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Tuesday, March 17, 2009

Iran: Is it too late?

British Conservative politician Brian Binley argues that time is running out to stop Iran's pursuit of a nuclear weapon.
It is now clear that the Western world finds itself in "last chance saloon" when it comes to stopping Iran from getting its hands on nuclear weapons. The United Nations nuclear watchdog warned last month that Tehran has stockpiled over a ton of enriched uranium which could easily be converted into weapons-grade material. Diplomats at the International Atomic Energy Agency also pointed out that Iran had possibly underreported by a third the amount of uranium it had enriched to date.


Time is running out for the West to stop Iran from acquiring nuclear bombs.
But for someone who claims to be convinced that time is running out, Brinley offers a remarkably sanguine prescription: more and tougher sanctions.
It is time to admit that no matter how hard we try, Iran just does not want to bargain. The Supreme Leader sends his negotiating envoys to European capitals and to New York simply to buy more time to press ahead with Iran's nuclear projects. After three sets of United Nations Security Council sanctions, time is no longer on our side. We need to act fast.

I am not advocating military action at this stage but there are important pressure points that we need to exploit. The regime has two developing crises to confront. First, many young Iranians are frustrated with the regime's bleak economic and human rights record. In February, for example, hundreds of students chanted "Death to the dictator" at Tehran's prestigious Amirkabir University. Despite dozens of arrests, the protest quickly spread to the University of Tehran. At least 5,000 antigovernment demonstrations were held by Iranian students, workers and women's rights activists in 2008, suggesting that much of Iran's society is far from happy with the status quo.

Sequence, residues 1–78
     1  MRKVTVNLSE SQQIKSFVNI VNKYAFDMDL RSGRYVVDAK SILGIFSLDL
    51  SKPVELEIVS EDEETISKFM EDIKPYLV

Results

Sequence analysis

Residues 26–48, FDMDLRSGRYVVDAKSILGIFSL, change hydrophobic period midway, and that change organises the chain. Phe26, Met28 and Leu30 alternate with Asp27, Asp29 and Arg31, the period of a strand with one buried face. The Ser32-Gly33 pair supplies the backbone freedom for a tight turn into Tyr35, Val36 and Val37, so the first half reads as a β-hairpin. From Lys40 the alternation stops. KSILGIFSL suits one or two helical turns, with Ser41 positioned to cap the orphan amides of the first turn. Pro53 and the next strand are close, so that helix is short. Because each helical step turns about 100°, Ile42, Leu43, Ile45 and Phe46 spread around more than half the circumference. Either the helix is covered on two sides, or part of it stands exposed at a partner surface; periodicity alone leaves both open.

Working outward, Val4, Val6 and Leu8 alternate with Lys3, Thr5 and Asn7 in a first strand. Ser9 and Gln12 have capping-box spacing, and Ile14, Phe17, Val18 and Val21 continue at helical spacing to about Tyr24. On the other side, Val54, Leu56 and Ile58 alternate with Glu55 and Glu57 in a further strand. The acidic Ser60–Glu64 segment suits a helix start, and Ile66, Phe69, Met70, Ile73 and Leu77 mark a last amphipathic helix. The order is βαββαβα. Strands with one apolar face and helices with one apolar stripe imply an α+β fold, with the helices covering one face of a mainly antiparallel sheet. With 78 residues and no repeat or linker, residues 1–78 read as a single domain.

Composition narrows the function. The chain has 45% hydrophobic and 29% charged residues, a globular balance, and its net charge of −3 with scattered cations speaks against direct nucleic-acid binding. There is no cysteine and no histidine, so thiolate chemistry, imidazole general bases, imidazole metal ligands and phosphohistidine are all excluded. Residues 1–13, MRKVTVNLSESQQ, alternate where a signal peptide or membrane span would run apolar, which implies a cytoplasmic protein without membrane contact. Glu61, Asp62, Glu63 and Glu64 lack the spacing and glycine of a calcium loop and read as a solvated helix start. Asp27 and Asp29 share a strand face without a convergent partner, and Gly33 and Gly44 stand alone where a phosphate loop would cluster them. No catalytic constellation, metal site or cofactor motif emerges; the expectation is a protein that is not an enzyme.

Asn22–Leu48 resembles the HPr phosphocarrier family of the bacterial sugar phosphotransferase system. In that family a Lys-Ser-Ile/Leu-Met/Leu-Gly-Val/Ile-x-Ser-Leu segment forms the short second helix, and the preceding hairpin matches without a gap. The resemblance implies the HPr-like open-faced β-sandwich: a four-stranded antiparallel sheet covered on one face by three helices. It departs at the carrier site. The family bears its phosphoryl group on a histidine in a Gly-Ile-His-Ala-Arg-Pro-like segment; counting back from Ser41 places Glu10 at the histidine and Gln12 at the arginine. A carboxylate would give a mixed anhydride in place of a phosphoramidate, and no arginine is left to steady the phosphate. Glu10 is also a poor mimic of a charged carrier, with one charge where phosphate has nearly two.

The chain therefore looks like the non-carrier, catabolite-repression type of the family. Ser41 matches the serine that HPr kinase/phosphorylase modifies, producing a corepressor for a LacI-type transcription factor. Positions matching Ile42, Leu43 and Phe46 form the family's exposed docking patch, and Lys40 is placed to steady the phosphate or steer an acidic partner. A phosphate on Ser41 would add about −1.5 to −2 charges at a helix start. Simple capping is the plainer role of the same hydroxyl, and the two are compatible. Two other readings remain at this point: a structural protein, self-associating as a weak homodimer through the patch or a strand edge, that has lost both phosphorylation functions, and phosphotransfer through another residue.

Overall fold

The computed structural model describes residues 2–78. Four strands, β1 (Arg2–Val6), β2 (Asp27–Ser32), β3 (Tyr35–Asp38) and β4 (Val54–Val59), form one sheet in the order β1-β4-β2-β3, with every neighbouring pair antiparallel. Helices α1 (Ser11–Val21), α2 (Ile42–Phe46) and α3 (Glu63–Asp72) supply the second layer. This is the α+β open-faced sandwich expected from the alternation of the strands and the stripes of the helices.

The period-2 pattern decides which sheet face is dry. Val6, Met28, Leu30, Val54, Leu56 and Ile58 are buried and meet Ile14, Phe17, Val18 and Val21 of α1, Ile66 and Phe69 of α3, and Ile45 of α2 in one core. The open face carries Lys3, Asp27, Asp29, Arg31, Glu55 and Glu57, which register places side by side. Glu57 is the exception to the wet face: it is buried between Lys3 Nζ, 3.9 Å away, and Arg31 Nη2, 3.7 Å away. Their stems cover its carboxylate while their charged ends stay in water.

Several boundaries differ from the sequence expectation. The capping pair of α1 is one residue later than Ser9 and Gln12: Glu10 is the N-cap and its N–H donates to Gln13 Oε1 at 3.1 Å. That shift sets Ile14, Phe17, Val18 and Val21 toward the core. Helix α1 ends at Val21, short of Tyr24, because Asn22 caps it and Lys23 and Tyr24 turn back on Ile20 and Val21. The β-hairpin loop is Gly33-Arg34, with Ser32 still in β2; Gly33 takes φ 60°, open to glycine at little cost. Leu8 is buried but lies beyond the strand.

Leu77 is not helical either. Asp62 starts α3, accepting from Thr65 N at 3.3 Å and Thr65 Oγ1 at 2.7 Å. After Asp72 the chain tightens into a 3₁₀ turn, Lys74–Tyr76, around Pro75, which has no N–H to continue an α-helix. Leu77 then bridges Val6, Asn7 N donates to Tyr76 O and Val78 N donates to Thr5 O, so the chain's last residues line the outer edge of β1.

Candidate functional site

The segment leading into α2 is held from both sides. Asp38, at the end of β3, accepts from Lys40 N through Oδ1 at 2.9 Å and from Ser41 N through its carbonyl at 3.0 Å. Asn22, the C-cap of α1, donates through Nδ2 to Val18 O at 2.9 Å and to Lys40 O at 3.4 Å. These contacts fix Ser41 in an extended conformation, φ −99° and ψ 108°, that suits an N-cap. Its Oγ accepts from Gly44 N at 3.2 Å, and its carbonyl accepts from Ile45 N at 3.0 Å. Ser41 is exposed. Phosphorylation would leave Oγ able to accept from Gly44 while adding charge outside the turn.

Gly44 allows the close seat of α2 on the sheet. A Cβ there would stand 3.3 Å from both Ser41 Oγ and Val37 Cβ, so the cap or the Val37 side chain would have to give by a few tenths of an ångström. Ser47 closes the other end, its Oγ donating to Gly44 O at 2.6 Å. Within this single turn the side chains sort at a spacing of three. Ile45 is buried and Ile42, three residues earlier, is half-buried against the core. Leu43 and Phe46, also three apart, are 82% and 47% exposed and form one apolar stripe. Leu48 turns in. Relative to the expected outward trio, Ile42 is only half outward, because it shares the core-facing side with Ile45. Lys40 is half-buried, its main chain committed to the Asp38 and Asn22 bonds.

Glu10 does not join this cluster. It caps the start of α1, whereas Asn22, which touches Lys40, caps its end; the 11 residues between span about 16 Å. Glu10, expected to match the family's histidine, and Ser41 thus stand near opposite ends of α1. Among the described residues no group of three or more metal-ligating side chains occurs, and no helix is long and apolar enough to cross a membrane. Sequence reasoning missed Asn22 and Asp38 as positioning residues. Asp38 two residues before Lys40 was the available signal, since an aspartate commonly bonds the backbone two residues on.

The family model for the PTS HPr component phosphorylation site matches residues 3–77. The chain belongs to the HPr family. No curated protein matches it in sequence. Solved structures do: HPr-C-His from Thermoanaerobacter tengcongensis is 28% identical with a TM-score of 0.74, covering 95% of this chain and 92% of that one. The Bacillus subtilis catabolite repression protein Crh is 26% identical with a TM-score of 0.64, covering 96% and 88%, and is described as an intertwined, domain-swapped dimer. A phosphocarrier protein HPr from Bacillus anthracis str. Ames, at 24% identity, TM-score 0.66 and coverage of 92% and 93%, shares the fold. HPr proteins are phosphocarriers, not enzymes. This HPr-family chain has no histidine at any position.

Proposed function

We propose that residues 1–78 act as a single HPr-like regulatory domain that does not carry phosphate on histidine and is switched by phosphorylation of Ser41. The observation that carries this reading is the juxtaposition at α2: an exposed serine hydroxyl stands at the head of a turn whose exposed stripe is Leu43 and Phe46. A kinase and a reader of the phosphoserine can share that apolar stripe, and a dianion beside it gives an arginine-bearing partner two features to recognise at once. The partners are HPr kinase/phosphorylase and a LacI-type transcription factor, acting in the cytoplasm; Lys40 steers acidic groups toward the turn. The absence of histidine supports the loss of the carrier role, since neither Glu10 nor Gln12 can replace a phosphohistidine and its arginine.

The regime's other predicament is the global economic meltdown and its effect on the Iranian oil market. Crude oil and gas exports account for 80% of Iran's annual revenues. Many senior regime officials think it's a mistake for the Supreme Leader to go head on with the West over the nuclear program and Iran's continued support for terrorists in the Middle East.

If we step up economic and trade sanctions on Iran now while giving clear messages of support to Iran's brave dissidents, the already fragile regime may not be able to weather the storm.
This is at least an improvement on Barack Obama's proposed love letter, but unfortunately it's too little too late. First, it's not going to succeed. Too many countries that need to be involved for sanctions to work - like France, Germany, Italy, Austria and especially Russia - have already shown that they're not willing to give up their commercial interests to stop Iran.

Second, regime change is a pipe dream. Almost no groundwork has been laid for it, and the Obama administration is on the verge of pledging not to seek regime change as a pre-condition for the Iranian government to negotiate with it.

Third, if, as Brinley asserts, we are running out of time to act, how long would he propose to give such steps? Iran is less than a year away from attaining a nuclear weapon. Does Brinley really believe that regime change can be accomplished in less than a year?

It's time to acknowledge that sanctions have failed, that regime change is not going to happen and that the world should either resign itself to living with a nuclear Iran or start making plans for military intervention. We canaries in the coal mine prefer the latter. If even people like Brinley cannot see why, look for Israel to go it alone.


At 7:59 PM, Blogger NormanF said...

This comment has been removed by the author.

At 8:01 PM, Blogger NormanF said...

The same people who persuaded themselves Hitler wanted peace have persuaded themselves Iran's nuclear intentions are benign. Of course, they haven't seen the real face of the regime... yet. As for the wisdom of using military force, before it was too late to stop Hitler, he could have been stopped with a minimal loss of life and the entire disastrous Second World War could have been averted. Its still not too late to stop Iran.


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